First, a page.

Around (Olde) Town.

Some road trips cross multiple state lines. They involve days of careful planning, researching attractions, hotels, restaurant, and amazing sites. Those road trips are excellent, if tiring, ways to explore the country. All of that is well and good, but sometimes there can also be fun road trips to discover new locations in your own town!

Central New Jersey has a long and storied history. Middlesex County was first settled in 1683. Its location along the Raritan River made it an ideal trading crossroads for merchants, manufacturers, and farmers to ply their wares (via Wikipedia). Middlesex County was also the site of several important historic locations tied to the Revolutionary War (via Revolutionary War New Jersey). One of the most interesting sites – the Cornelius Low House – is only minutes from our front door. Despite having lived in the area for several years now (and having mentioned many times, “Oh, we should go check it out!”), we finally made time this weekend to explore this and other cool spots around town!

First, however, a couple of automotive updates are in order.

Checking in on the Accord:

Case of mints on center console of 2012 Honda Accord.
I recently took my Honda Accord to Keenan Honda for routine maintenance. The service was done quickly and competently. The car was due for an oil and filter change, a tire rotation, air filters, a transmission fluid change, and a brake fluid change. The car was delivered to me washed, and as always, a case of mints were resting on my center console when I got back in the car. Classy!
Vehicle inspection report with green marks for OK inspection result next to every category.
This vehicle inspection printout is a great report card… green as far as the eye can see!
2nd generation Chevrolet Corvette convertible.
As always, when waiting for my car’s maintenance, I went upstairs to check out Keenan Honda’s ever-expanding classic car museum. This second-generation Corvette is a new addition to the collection.
Silver Chevrolet wagon from the 1950s.
And I don’t remember seeing this 1950’s Chevrolet before, either. Cool stuff!
2020 Honda Insight sedan in silver.
If I ever had to get another vehicle, one car on my short list of test drives would be the new Honda Insight. The model on the showroom floor was really eye-catching in this shade of silver (but don’t worry… my Accord isn’t going anywhere for a long time!!).
Plaque with picture of classic cars, sign says AUBURN CORD DUESENBERG AUTOMOBILE MUSEUM AUBURN INDIANA.
Closer to home, I finally hung my souvenir from our visit to the Auburn Cord Duesenberg museum in the garage. I see this every time I head to work in the morning – it’s a fun reminder of an amazing trip!

Around Town

Map of New Jersey with red pin in location of East Jersey Old Town Village in Piscataway.
Today’s destination: two historic museums in Piscataway, New Jersey. First, the Cornelius Low House, and then, onto East Jersey Old Town Village.
View of Route 18 in New Jersey with Rutgers flags hanging from light poles along side of road.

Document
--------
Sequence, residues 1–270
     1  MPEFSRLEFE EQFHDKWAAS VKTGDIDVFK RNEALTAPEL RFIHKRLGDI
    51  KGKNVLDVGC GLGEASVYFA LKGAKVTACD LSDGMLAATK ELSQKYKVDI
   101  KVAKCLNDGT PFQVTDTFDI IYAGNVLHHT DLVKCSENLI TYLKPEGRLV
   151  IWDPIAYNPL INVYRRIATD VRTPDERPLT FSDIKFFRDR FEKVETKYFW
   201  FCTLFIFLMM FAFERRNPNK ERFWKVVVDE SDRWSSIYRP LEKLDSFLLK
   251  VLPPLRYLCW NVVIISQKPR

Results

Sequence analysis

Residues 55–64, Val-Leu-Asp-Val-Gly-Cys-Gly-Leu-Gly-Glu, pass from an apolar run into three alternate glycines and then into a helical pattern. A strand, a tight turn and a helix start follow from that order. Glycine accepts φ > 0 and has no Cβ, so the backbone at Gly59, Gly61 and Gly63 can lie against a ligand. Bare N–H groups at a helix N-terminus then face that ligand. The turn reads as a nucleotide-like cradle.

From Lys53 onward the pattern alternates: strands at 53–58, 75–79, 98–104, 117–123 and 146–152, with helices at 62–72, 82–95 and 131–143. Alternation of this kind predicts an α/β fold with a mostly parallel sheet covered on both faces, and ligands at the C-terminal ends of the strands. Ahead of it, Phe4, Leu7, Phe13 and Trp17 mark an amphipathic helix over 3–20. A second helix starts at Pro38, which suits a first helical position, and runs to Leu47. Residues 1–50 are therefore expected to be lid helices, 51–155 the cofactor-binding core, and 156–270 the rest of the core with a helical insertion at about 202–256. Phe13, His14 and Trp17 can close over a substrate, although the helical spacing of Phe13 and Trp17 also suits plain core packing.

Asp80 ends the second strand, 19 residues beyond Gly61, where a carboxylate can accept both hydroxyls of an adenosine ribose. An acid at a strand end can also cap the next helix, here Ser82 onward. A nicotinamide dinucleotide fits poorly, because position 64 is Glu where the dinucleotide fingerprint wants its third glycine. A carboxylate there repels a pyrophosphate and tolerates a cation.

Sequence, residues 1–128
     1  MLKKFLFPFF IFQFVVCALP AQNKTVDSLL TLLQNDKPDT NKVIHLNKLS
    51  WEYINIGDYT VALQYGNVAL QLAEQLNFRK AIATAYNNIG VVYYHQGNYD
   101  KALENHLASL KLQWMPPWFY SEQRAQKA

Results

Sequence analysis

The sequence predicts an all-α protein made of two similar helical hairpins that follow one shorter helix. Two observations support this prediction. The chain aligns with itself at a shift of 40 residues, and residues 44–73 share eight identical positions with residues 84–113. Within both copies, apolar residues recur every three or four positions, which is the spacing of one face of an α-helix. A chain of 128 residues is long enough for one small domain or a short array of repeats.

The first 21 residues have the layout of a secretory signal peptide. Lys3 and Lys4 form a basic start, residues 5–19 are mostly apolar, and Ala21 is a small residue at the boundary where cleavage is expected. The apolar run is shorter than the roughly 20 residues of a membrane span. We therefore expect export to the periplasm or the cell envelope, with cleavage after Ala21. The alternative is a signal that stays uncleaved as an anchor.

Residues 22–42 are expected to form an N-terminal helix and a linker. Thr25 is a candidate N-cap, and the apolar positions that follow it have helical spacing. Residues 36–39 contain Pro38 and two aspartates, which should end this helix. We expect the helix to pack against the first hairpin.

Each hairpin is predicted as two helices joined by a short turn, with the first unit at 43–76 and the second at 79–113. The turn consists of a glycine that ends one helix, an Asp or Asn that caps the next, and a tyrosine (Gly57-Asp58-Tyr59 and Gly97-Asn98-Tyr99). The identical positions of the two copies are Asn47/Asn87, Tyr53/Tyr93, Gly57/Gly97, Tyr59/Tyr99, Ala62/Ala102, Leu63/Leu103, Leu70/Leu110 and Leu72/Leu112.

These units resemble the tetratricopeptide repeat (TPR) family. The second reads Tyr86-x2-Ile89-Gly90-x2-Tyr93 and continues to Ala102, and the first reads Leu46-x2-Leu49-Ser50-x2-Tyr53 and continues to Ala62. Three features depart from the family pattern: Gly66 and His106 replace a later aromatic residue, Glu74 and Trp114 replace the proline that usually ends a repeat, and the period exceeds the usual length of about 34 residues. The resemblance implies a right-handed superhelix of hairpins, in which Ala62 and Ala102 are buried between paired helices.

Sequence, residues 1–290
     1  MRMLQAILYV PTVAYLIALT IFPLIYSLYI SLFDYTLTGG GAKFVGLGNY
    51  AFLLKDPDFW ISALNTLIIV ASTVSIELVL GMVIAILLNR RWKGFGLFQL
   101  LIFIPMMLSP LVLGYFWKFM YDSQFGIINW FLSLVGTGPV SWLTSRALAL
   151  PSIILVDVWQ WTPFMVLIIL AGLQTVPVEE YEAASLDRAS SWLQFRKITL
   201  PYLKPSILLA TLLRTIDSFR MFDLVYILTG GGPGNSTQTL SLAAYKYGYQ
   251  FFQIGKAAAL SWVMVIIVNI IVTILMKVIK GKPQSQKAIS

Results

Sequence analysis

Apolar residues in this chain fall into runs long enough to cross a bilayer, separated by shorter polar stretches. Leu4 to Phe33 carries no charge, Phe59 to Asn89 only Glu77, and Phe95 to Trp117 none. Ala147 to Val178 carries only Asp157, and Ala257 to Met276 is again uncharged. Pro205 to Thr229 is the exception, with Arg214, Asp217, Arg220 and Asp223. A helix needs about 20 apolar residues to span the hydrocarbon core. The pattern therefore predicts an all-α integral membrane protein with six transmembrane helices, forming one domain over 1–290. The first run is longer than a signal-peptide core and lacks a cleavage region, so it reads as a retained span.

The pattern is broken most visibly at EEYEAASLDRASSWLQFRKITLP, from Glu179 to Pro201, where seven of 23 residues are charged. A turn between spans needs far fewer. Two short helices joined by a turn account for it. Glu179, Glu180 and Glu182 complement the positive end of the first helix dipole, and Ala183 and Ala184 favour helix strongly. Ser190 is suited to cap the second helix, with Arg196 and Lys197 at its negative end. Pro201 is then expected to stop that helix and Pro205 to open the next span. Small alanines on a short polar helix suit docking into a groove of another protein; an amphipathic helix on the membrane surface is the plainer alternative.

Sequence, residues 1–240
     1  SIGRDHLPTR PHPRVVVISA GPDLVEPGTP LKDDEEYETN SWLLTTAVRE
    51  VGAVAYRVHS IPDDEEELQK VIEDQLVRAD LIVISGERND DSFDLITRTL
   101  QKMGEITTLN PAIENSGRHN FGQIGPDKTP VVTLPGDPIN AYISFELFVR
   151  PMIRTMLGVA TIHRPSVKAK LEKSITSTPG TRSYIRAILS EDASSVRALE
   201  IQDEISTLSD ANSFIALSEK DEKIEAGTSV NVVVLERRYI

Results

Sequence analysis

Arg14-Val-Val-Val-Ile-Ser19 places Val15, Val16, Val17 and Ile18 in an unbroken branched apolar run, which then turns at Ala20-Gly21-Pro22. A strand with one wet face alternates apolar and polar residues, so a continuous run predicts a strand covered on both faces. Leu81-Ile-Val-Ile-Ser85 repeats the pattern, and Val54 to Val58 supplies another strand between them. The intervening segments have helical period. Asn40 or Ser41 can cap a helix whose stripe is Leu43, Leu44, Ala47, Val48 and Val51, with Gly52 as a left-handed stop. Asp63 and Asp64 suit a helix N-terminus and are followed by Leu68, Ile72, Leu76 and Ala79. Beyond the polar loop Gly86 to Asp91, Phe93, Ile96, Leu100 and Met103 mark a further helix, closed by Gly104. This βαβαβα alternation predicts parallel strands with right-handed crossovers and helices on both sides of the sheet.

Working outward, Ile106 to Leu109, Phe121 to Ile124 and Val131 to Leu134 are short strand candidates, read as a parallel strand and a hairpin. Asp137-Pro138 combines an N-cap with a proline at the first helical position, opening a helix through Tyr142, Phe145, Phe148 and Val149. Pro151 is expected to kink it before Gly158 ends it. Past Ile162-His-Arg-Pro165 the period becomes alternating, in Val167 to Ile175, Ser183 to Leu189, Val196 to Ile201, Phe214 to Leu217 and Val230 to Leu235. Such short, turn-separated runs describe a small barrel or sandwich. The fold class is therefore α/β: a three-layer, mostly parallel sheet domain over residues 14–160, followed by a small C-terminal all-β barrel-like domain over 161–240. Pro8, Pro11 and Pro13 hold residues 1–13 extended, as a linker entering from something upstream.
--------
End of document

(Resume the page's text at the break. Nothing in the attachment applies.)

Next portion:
Our first stop was a visit to the Cornelius Low House, one of the oldest buildings in Middlesex County. One tip: don’t bother using GPS – both Google Maps and Apple Maps were useless when we tried to find the place. Instead, we made like it was 1985 and just followed the road signs.
2012 Honda Accord parked in parking lot along entrance to walking path.
The signs directed us to a parking lot for Rutgers University near the athletic fields. In the far corner of the lot we found an entrance to a walking path that promised to lead us to the museum.
Path in woods. A sign beside it says CORNELIUS LOW HOUSE - MIDDLESEX COUNTY MUSEUM INTERPRETIVE PATH WELCOME CONTINUE DOWN THIS PATH TO REACH THE MUSEUM
If you visit the Cornelius Low House, bring your walking shoes! The interpretive path, which has several exhibits telling the story of the settlement of central New Jersey and the Cornelius Low House, is a bit of a hike.
Exterior of Cornelius Low House.
Cornelius Low, a wealthy 18th century merchant, built this house in 1741 high above the Raritan River in what is now Piscataway, NJ. Since 1979, this colonial-era home has served as a museum for Middlesex County, hosting a variety of exhibits on the history of New Jersey (via Wikipedia).
"Hawaiian Beauty" pintball machine.
Upon entering the house, we were transported into the middle of the past century! The museum is hosting a special exhibit on the 1950’s, and the first item we encountered was this D. Gottlieb & Co. “Hawaiian Beauty” pinball machine from 1954.
Jukebox in middle of hallway.
And certainly, no exhibit is on the 1950’s is complete without a jukebox!
Maxwell House ad with image of wife resting wearily on chair while husband asks for more coffee and birthday party goes on in the living room. Text says EVERYBODY KNOWS THE SIGN OF GOOD COFFEE
The walls of the museum were covered in reproductions of ads from the 1950s… talk about a time capsule!
Room filled with exhibit on NJ Turnpike and Garden State Parkway. a traffic light stands in the corner.
An entire room was devoted to the car culture of the 50’s. The display on the far wall focused on the New Jersey Turnpike and the Garden State Parkway, both of which were developed during that decade.
Display with gauge panel from 1951 Ford F-1 pickup, add-on turn signal indicator, Chevy Bel Air dashboard clock and speaker bezel, and Sun Dwell Tachometer.